Already September, and not a dish-washed.

Painting by Wlodzimierz Kmieck foot and mouth artist.

Autumn is already spilling into early winter, the Holly tree in the garden is festooned with berries, they are now putting on their winter red coats.

The students are back in town, with the cloth hire shops doing a roaring trade, for yesterday evening I saw many in the street, dressed I formal highland dress.

“School days are the best years of our life”

I am not sure how the coronavirus will affect numbers coming to study in Scotland this year, and then of course we have the dreaded Brexit to contend with, putting a lot of foreign students off coming to study at St Andrews.

On board a runaway train going down the track,

A one-way ticket, and no way back.

We have had some very strong winds over the month of August so the miles peddled have been curtailed. However the weatherman tells us that things will improve by next week, I’m certainly looking forward to the still clear frosty mornings.

Autumn is indeed a magical time of the year, for as the days draw in and the nights lengthen we get strange dawns. In the poem Sea Fever, John Masefield, the poet tells us,

And the grey mist on the seas face,

And the grey down breaking.

He is talking about the false dawn, we have all seen it but often overlook its presence, it just happens, nothing to write home to mummy over.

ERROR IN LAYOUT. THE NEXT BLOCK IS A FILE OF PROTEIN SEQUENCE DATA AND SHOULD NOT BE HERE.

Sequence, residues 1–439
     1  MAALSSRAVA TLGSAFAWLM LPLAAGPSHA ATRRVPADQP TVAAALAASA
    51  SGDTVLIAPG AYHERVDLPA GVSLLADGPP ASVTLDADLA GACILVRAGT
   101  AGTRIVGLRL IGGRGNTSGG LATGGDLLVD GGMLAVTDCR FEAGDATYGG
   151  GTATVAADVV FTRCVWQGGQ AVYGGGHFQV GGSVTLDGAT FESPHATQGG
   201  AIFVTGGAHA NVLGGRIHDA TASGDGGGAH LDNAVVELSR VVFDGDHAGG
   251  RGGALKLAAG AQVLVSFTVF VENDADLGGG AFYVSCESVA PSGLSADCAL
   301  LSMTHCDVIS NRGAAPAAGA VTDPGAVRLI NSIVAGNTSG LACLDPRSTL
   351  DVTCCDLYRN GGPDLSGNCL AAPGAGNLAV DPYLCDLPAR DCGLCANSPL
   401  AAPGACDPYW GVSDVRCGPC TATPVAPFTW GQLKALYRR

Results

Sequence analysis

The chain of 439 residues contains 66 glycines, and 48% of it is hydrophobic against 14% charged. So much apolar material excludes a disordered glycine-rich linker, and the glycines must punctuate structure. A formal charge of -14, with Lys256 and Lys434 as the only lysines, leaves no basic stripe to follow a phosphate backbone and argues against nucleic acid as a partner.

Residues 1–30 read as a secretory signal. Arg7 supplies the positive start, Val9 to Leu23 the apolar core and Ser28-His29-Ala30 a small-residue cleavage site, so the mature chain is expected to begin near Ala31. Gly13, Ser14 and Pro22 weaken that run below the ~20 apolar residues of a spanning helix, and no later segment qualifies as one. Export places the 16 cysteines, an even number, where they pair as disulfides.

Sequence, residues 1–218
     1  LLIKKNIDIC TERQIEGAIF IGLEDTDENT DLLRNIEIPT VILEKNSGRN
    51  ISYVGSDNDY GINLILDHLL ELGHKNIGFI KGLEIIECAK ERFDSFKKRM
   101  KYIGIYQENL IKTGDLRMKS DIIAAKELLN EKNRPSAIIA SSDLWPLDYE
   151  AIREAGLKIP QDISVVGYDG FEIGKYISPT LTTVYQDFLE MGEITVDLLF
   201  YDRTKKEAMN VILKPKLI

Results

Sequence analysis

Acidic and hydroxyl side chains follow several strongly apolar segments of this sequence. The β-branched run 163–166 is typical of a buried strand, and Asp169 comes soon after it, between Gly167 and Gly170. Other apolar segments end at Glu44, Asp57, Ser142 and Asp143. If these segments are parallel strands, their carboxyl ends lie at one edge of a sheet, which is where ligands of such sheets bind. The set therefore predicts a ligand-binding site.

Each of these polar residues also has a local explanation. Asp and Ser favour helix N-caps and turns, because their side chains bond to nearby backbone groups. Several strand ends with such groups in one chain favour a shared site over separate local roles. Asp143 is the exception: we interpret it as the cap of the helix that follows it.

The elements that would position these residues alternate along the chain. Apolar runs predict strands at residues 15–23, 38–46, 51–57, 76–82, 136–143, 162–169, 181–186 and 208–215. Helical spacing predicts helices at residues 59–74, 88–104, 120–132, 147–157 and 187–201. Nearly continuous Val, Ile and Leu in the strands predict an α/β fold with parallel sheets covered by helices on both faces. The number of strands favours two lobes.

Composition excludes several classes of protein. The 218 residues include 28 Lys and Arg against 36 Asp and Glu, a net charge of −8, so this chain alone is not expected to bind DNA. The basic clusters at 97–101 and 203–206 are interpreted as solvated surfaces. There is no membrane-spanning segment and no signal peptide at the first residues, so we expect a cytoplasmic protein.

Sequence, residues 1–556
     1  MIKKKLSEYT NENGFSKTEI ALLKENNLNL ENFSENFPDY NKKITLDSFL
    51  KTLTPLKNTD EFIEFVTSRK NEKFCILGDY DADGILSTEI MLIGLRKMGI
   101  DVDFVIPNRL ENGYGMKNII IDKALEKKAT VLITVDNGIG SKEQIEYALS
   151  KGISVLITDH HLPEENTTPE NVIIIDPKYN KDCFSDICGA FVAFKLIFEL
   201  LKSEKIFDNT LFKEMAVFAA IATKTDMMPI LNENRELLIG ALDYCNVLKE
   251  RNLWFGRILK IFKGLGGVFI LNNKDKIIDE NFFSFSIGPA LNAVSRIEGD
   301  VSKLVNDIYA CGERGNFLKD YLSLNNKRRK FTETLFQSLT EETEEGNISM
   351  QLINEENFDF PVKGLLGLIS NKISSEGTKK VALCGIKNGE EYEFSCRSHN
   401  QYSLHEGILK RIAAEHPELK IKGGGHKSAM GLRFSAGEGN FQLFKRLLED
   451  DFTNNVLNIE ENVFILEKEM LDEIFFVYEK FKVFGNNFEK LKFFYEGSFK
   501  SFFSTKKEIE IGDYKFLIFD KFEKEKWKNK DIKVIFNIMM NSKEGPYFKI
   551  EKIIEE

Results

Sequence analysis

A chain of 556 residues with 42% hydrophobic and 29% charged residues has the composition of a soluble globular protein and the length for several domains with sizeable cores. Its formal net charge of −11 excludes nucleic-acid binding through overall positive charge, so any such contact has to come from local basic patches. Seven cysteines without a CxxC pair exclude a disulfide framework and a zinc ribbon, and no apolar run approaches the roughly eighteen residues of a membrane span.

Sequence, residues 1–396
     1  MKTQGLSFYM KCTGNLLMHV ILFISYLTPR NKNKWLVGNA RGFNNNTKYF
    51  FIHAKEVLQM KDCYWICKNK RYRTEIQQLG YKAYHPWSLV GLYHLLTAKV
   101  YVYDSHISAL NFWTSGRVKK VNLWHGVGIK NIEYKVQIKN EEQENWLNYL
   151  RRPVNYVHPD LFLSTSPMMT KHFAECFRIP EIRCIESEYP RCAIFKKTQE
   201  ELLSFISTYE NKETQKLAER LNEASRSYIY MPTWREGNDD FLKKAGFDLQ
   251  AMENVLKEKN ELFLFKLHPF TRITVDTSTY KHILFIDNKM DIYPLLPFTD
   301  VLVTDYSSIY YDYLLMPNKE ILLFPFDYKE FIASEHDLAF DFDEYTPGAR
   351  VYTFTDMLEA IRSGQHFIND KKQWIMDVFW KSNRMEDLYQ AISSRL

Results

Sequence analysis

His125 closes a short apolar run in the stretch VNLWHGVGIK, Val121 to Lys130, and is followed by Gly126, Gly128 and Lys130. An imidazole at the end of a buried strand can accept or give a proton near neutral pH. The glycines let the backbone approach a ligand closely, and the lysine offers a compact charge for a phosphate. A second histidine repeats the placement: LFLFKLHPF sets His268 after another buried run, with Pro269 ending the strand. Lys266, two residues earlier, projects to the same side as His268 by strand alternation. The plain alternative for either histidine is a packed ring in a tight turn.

But Maisfield did notice it for if you are at wheel of tiller of you boat you will know that time well, when you see objects but they are difficult to make out.

In The Rubaiyat of Omar Khayyam, the poet speaks rather puzzling of ‘Wolf-and-Sheep-While, again he is talking about a false dawn, a time when it is hard to distinguish one from the other.

And in France they say entre chien et loup, (our dog and wolf).

This effect is caused by debris in the atmosphere, in the northern hemisphere we see it after sunset in spring and before dawn in autumn. ‘Red sky in the morning shepherd’s warning’ makes sense if you can not distinguish Wolf from Sheep. Thankfully we simply can just enjoy the majesty of the false dawn in autumn.

Awake! For Morning in the Bowl of Night,

Has flung the stone that puts the stars to Flight,

And Lo! The Hunter of the East has caught,

The Sultan’s Turret in a Noose of Light.

Soon we will be into November and the American Presidential elections, although from what I can see they never stop campaigning for some office or other in America. I read an article in the Times, way back in 2010, if memory serves, it was about people spending vast fortunes running for various offices. Meg Whitman was running for Governor of California and sunk 120 million dollars of her own money into her campaign, a campaign that cost 145 million dollars. She was unsuccessful. Maybe she would have been better saying to the people of California, “If you vote me into office I will put 120 million dollars into helping solve some of the problems in California”. Would have been a much better (win-win) outcome for both parties concerned.

Just returned from a walk along the West Sands at St Andrews, there was a strong onshore wind against an outgoing tide, turning the waters into a carpet of dancing white horses.

A ball of playful boisterous fur,

The pup runs after a lone seabird,

Kicking up such a joyful din,

Engaged in a game he can not win.

The dog jumps up high into the air,

To catch a gull no longer there,

having floated upon effortless wings,

To land only yards in front of him.

Keep safe and keep those peddles turning.

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